Will human beings become a luxury good as robots take over work?

On the endangered list
On the endangered list
Image: Reuters/Rick Wilking
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As more ATMs take over for bank tellers and self-checkout lines replace more cashiers, services provided by human beings will one day become the exclusive preserve of the rich, according to a report on the future of jobs from Pew Research Center. It envisions a future just 10 years from now, in which robots will stock shelves, bag groceries, and make deliveries; automation will replace people who now serve as customer-service agents, sales representatives and custodians.

But if future consumers are prepared to pay enough, they will still be served by real people.

“Live, human salespeople, nurses, doctors, actors will be symbols of luxury, the silk of human interaction as opposed to the polyester of simulated human contact,” the report quotes Judith Donath, a fellow at Harvard University’s Berkman Center for Internet and Society, as saying.

Already, plenty of people are unsatisfied with having to interact exclusively with technology. Take the popularity of GetHuman and other services designed to bypass automated menus and software interactions: we still believe that humans have the best solutions to many of our problems. But if Donath’s prediction is right, that kind of interaction will only be affordable for those with deep pockets. Frustratingly, the report doesn’t speculate about what kind of premium pricing human service would command.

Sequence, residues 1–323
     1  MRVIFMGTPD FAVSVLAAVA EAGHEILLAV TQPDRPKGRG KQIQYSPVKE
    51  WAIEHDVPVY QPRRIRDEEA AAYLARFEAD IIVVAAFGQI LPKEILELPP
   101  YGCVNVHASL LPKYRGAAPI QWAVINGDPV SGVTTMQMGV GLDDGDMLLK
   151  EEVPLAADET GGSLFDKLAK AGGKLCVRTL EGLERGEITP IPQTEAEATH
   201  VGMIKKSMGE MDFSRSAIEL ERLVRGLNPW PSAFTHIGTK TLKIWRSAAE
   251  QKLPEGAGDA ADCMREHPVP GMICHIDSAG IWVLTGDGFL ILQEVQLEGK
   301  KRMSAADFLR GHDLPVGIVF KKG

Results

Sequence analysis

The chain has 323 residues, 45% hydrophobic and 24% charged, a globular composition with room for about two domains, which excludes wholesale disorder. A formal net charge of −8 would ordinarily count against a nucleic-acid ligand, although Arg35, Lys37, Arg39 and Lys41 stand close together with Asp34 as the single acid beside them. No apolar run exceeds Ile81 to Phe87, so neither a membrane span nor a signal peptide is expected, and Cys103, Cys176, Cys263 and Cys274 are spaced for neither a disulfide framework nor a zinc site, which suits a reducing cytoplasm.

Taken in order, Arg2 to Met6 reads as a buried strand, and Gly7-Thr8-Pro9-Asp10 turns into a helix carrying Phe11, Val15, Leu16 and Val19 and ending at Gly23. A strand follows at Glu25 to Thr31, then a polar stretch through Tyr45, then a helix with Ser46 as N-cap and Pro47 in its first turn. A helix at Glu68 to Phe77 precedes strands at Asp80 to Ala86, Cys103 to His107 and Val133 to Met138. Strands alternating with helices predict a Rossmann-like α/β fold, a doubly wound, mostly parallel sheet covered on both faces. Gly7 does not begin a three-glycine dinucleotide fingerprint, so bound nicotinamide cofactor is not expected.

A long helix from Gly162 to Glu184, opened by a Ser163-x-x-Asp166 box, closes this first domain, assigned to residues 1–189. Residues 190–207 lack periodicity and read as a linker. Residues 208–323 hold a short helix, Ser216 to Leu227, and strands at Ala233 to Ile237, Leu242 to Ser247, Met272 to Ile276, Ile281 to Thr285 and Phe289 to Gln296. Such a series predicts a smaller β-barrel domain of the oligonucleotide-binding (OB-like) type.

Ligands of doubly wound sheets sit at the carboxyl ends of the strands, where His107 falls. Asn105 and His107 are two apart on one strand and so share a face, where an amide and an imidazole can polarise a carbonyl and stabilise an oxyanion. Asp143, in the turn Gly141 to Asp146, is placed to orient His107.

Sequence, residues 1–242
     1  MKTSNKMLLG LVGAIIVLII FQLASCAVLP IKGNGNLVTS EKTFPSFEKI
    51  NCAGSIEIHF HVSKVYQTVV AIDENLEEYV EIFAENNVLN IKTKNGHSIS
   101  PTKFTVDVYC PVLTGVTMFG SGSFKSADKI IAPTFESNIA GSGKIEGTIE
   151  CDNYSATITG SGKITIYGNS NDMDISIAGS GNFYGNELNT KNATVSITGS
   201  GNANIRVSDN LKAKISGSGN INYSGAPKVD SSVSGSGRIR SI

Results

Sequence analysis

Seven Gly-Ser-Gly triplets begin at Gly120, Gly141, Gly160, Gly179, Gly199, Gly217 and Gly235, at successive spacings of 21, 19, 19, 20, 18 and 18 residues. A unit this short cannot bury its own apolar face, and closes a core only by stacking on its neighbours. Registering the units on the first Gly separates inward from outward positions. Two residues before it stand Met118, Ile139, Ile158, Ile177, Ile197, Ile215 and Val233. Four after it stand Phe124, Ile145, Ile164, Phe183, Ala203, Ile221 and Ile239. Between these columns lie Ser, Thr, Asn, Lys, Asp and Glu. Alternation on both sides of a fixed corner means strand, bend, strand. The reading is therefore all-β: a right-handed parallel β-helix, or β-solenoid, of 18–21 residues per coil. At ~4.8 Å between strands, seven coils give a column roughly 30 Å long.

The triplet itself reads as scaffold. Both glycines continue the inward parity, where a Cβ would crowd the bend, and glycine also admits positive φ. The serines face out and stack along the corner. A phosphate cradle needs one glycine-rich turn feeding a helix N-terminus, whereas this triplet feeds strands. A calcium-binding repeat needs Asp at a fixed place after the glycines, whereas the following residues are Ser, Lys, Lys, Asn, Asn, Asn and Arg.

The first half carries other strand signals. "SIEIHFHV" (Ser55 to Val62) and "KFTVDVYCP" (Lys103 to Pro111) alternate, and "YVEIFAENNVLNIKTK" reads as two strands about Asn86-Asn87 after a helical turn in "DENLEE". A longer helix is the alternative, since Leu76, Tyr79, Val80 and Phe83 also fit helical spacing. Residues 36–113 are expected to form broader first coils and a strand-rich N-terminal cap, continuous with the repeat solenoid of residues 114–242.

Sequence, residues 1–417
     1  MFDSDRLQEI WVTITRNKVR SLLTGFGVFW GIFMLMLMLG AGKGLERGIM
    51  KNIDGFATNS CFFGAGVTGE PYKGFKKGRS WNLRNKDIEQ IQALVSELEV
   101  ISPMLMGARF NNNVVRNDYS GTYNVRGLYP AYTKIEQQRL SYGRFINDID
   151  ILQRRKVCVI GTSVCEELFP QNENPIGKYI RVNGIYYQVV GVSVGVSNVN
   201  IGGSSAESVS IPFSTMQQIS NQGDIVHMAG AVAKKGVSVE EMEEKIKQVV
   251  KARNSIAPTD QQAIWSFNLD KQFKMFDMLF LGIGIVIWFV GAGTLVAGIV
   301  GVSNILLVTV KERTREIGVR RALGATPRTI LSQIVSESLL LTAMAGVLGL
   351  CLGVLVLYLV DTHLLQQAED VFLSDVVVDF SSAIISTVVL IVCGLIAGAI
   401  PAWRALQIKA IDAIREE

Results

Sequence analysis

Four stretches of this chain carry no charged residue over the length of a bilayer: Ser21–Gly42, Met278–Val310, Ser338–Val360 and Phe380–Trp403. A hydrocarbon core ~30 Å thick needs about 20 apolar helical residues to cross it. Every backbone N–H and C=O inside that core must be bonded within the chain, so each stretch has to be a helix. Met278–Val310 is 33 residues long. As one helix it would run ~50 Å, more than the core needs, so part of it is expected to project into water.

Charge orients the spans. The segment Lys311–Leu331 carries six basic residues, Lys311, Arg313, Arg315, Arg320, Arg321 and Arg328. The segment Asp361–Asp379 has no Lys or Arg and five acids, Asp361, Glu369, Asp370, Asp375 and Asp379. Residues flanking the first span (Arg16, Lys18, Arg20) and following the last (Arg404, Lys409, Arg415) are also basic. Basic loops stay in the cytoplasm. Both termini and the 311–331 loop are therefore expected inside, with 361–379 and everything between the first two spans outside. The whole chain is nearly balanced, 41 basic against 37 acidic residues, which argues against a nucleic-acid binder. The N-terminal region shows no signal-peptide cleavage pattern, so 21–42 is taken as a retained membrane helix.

That’s only part of the story. As the Pew report notes, 48% of experts expect significant job displacement from technology, particularly among blue- and white-collar workers, by 2025. A slight majority, 52%, are more hopeful; they think that more jobs will be created by technology than it destroys.

As it happens, the Bureau of Labor Statistics is a bit more confident about the future of the service industry; it expects a 10% increase in the number of customer service representatives by 2022 from its 2012 numbers. The number of bank tellers, listed among the endangered employment in the Pew report, isn’t projected to grow during that time—but neither is it projected to shrink. And the grocery store cashier, thought to be imperiled by self-checkout? Their numbers are projected to grow by 86,000 people, or 2%, by 2022.

Whose vision will play out more accurately: the Bureau’s, or Pew’s? Only time will tell. (Perhaps in the future, clichés will be automated, too.)